3. All you have to do is look at the numbers. The majority of the traffic in Morristown is not from Morristown development but from commuters passing through our town to get home or to work elsewhere because the Towns surrounding Morristown block efforts for any kind of by-pass to enable commuters to avoid driving through Morristown. As a Morristown resident, I don’t need to leave Town to have most of my needs net. Residents of Harding Twp. Morristown Twp. Mendham and most other towns would find it difficult to manage without coming to Morristown.
    Its Morristown taxes that pay for the services received by the many non-profits, actually serving a majority of residents from other communities. Next time your drive here for medical treatment, legal services , to worship or to volunteer at your favorite charity, all based in Morristown, think about the impact those services would have if they were located in your community.
    When you consider the size of Morristown compared to its neighbors and all the services located here, our total development within our boundaries is far less than the development that surrounds us on all sides.

  4. Mayor Dougherty certainly has the right, as a resident and as a representative of Morristown, to comment before the Township Committee on this proposed development. When I served as a Morris Township elected official I attended similar meetings in Hanover and Morristown regarding proposed developments and the impact on the Township.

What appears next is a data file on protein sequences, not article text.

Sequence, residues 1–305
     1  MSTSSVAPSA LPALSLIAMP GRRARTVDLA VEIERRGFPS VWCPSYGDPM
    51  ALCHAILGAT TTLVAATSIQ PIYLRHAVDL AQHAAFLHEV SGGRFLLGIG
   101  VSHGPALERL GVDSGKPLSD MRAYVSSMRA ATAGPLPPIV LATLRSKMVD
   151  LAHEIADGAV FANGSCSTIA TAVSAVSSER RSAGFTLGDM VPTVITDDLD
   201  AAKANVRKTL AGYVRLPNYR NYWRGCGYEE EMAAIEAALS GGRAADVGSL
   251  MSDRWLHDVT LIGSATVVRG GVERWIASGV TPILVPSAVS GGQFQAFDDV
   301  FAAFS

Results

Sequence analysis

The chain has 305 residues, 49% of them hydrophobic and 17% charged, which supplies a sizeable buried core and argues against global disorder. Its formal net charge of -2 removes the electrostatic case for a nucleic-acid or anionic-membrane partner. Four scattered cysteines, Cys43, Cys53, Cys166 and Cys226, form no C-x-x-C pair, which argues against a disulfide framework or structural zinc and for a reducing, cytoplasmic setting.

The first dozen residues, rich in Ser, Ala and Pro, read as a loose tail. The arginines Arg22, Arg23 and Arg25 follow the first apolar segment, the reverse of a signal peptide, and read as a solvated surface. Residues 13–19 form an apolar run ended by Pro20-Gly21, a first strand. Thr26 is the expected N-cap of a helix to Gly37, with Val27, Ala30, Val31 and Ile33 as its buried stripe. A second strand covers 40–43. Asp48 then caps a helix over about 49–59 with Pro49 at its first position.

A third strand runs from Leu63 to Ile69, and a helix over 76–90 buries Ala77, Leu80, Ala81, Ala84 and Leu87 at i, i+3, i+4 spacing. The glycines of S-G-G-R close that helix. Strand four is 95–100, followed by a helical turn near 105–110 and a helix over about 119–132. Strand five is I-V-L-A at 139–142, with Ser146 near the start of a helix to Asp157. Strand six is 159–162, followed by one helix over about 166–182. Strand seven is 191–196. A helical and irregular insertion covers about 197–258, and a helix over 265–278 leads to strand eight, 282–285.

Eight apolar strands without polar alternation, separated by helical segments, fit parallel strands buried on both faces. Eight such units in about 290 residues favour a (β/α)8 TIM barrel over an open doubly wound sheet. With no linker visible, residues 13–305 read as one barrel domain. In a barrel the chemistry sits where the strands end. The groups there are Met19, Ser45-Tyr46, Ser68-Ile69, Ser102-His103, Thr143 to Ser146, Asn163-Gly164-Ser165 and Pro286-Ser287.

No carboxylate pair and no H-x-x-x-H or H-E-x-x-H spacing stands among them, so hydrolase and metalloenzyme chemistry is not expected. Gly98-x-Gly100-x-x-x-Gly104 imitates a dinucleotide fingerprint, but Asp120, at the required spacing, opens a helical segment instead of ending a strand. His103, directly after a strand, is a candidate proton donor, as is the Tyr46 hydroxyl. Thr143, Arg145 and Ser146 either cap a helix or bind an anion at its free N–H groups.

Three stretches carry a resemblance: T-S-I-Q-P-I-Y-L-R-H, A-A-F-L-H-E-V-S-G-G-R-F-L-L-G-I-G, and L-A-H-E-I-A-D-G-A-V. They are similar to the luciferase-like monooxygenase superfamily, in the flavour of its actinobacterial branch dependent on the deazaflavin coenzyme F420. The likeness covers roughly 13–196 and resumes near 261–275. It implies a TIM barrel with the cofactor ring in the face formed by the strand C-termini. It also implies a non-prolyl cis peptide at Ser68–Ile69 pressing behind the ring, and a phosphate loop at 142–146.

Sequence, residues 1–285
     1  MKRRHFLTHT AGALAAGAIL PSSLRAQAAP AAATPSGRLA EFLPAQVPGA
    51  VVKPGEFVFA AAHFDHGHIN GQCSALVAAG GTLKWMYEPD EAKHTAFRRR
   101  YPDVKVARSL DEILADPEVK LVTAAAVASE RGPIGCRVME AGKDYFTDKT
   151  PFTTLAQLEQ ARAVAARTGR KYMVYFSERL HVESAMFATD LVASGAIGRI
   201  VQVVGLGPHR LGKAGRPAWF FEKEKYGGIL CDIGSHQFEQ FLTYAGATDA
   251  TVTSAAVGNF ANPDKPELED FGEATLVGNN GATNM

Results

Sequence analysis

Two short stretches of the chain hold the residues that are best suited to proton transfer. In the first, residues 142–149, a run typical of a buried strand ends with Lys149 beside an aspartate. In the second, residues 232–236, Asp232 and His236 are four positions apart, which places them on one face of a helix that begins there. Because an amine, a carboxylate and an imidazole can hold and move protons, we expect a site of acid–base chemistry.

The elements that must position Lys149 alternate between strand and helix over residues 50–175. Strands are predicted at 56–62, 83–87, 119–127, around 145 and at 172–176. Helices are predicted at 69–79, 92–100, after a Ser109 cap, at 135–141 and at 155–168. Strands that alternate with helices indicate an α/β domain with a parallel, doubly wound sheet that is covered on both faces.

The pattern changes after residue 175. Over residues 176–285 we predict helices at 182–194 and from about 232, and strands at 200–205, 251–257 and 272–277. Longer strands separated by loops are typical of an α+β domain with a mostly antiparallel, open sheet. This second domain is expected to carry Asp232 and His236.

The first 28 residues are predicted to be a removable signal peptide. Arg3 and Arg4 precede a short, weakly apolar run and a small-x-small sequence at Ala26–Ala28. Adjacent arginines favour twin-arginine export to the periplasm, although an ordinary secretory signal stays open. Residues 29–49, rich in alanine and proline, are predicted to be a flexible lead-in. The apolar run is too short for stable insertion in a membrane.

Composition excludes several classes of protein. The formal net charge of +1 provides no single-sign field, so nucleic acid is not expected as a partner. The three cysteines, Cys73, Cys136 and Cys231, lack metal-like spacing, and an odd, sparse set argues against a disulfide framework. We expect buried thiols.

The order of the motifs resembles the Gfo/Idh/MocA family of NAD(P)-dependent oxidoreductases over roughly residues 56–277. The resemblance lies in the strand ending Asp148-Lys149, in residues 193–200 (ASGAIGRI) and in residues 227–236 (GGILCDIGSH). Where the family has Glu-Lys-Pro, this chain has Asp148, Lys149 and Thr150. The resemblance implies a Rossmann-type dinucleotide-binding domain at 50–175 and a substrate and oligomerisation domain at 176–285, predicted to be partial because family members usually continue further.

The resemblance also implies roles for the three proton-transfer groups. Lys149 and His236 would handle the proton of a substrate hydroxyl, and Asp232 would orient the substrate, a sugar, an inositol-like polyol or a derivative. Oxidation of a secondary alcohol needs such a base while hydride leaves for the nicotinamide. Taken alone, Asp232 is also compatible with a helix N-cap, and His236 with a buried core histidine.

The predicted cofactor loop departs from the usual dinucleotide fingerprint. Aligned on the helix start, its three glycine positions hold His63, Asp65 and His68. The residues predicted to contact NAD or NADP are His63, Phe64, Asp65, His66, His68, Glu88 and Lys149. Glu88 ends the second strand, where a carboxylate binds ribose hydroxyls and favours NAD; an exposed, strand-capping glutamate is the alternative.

If Morristown is to be credited for their development projects then they should not criticize neighboring towns for doing the same. At the very least they should look in the mirror and publicly admit to the impacts of their policies on regional traffic before casting stones.
    What hasn’t been mentioned here (as it was not subject of the Morris Township meeting) is this – what is the impact of development on the Morristown side of this property? And how does that compare to what is being proposed by the Township?

  5. This is yet another “pin the traffic on another town” border development. Add it to the Hanover cramming of East Hanover Ave, the sprawling development of the old Mennen property, and others. In the traffic cross-hairs: Morristown and Morris Plains, about to be force fed commuter cars, school buses and delivery tractor trailers serving the “rateables” outside their boundaries and tax reach. We need regional planning and regional eatable revenue sharing and we need it now.